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<Bill Logan>
posted
Trees are on a slope behind a condo complex. Big oaks. The branches once extended over the property line, but the trunks are securely on the uphill neighbor's property. The uphill neighbor topped three mature oaks to improve his view. The trees will now decline and die, creating a hazard for the condo complex, the downhill neighbor. But can the downhill neighbor claim compensation for the damage to the trees? In other words, do the condo people have any ownership rights in the trees? And is it worth putting a value on the trees for the condo people?
 
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<Scott Cullen>
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Reply to post by Bill Logan, on March 01, 2003 at 09:56:09:

That is really a legal question, but my sense is the condo association had no beneficial interest or rights in the trees. They may have enjoyed benefits (shade, screen, etc.) but that was a freebee.

The logical exception would be if the neighbor-tree owner had some obligation to the condo to main the trees like an easement or development condition.

The trees might be covered by some municipal tree ordinance but if there is lost value there it is the municipality's not the condo's.

If loss of the trees destabilizes the slope there might be a municipal regulation issue there too.

If there is damage to the condo's property from the trees falling or the slope failing or eroding the condo would look to recover any lost value to the condo property but that is not value in the neighbor's trees today.

The dead or damaged trees might become a nuisance if they are likely to fail or cause damage and the condo might be able to force their removal, but again that is not a loss of value in the trees to the condo.

The starting questions are always value to whom and what are the rights to and interests in the valuable property.
 
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<Guy>
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Reply to post by Bill Logan, on March 01, 2003 at 09:56:09:

While decline and death are more likely following topping, they are not a given. Might the condo tell the uphill neighbor in a certified letter that if no steps are taken to keep the trees healthy, they may pose a hazard to the condo by failing?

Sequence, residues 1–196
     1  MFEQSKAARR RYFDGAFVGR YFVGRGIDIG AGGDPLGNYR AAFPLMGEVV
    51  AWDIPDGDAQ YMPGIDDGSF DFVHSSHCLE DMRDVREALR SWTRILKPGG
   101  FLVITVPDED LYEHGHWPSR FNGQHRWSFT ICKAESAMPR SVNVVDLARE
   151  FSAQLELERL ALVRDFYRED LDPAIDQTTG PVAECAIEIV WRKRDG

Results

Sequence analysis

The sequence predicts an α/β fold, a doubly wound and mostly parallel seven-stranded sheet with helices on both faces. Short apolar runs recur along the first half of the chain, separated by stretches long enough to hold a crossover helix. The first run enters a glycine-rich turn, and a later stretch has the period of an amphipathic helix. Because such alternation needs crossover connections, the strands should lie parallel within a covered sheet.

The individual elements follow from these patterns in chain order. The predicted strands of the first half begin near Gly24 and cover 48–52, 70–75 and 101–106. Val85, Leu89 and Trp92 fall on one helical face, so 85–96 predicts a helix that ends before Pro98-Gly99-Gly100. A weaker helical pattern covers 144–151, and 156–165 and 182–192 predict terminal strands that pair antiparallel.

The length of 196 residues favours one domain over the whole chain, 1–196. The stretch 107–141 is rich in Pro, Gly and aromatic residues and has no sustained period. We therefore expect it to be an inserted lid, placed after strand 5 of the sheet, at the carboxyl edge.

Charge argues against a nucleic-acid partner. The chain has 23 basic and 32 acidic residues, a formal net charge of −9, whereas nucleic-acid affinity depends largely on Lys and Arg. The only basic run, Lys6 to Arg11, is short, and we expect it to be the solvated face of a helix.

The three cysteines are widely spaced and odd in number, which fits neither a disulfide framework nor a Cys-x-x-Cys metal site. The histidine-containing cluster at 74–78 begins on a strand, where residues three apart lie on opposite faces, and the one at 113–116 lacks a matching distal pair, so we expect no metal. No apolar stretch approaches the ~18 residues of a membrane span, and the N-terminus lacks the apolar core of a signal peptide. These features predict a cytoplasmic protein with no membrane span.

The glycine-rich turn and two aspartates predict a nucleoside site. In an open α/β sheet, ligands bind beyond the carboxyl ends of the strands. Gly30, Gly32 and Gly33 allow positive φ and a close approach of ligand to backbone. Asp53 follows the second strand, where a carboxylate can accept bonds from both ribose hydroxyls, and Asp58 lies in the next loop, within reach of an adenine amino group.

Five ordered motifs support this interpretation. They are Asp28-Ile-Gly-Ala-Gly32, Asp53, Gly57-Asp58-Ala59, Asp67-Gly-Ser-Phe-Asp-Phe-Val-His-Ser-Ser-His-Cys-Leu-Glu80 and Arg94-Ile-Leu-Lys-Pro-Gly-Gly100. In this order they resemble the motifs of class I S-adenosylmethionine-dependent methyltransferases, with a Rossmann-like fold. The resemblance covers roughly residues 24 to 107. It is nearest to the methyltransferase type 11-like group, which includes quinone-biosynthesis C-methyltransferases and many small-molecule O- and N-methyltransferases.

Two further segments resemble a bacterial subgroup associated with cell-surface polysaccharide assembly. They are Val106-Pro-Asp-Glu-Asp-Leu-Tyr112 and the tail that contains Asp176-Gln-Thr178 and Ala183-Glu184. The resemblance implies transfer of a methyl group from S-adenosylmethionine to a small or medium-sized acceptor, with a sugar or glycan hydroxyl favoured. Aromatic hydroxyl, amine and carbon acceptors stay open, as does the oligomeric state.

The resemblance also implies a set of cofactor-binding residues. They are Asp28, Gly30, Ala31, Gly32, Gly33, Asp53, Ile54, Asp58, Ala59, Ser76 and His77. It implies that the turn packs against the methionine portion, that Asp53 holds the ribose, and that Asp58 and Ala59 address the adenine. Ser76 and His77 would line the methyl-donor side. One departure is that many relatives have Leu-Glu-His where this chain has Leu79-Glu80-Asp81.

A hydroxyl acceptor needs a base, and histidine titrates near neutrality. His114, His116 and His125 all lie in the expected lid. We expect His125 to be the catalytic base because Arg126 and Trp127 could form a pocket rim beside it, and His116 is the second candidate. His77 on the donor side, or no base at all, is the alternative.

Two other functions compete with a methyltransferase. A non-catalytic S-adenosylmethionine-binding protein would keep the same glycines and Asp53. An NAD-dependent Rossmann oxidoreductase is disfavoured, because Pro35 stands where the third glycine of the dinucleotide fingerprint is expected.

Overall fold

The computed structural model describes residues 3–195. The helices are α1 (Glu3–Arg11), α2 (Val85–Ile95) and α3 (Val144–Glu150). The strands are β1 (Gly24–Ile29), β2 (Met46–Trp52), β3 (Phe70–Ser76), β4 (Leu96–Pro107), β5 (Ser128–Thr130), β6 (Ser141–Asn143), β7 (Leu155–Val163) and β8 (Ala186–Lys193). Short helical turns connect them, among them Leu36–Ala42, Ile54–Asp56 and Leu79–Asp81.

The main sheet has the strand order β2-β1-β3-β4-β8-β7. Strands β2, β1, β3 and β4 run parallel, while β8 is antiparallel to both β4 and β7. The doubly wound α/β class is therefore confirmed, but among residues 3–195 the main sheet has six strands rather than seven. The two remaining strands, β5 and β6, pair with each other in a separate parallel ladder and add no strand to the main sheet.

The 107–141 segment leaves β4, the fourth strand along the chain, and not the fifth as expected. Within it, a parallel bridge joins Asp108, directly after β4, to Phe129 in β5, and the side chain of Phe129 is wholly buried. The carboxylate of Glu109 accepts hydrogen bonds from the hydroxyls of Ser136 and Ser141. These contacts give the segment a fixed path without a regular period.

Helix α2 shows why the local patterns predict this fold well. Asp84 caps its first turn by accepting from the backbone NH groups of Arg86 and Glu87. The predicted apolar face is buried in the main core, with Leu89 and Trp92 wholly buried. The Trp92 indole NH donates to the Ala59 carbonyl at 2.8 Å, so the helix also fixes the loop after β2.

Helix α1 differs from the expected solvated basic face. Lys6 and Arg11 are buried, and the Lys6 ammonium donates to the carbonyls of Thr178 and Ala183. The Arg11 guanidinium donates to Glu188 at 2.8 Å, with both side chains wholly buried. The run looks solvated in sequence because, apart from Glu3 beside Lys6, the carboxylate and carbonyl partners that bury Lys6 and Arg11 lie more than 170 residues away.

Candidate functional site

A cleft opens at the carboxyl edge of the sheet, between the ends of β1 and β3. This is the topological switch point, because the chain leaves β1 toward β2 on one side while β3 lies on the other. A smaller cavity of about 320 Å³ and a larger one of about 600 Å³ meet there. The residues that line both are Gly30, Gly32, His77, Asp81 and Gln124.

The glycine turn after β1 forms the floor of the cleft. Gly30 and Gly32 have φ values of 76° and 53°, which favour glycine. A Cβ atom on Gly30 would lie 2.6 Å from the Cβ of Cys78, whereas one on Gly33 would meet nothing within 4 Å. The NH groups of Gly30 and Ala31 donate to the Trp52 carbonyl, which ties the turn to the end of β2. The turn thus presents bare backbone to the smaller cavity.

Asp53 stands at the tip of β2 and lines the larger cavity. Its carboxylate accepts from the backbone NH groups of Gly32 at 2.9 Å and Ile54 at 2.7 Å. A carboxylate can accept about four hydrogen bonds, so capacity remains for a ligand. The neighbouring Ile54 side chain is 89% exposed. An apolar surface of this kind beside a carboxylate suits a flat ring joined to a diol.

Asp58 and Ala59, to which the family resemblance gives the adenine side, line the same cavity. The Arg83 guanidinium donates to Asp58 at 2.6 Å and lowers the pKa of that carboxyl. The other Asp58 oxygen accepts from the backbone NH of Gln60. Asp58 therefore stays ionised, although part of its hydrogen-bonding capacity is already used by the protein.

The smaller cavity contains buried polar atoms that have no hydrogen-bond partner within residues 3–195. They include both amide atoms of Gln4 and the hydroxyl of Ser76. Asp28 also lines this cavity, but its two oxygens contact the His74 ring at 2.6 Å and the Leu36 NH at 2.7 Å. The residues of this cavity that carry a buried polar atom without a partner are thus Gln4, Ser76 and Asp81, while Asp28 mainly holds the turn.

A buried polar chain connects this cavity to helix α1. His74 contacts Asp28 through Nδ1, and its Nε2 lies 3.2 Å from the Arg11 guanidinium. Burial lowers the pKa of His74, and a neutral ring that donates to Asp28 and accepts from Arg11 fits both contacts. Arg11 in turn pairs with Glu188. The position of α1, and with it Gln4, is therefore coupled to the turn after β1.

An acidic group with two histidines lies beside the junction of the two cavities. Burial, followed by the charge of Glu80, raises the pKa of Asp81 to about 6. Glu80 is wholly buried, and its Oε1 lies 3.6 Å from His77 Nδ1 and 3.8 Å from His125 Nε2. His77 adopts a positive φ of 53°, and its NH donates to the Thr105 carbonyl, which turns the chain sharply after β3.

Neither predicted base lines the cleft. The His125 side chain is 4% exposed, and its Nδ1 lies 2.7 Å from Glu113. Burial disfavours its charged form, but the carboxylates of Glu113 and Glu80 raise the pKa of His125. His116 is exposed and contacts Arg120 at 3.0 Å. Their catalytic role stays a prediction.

And if the topped trees have value to the condo owners, might it be in their best interest to help pay to maintain them? The overhanging branches that may be left after topping do present an asset or a liability depending on what is done.

Scott's points about regs and value are good; but it's not crystal clear to me that the condo had no legal interest in the overhanging branches. And, how could they have been removed without the crews entering the condo property? And, if they did so without permission, isn't that trespassing?

The determining issue imho in the end is, is there enough left of the trees to be cared for or not, will they keep giving value or not.
 
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<Scott>
posted
Reply to post by Guy, on March 01, 2003 at 09:56:09:

We usually look at this from the uphill neighnor's perspective. Did the condo have the right to remove overhanging branches from my tree. Usually they have a right to remove either with reasonable care or any old way they want depmeding on the state you live in. But does the condo have a right to tell me I cant't remove my branches? What if I wanted to remove my tree? I can't becasue of the overhanging branches? I tend to think not. It's my tree I can remove it. There is an issue of trespass but it's entirely likely the overhanging branches could have been removed in the course of topping the trees w/o any trespass.

But to get back to the vasic question damages from trespass, tree failure or slope failure are all separte from tree value to the condo.
 
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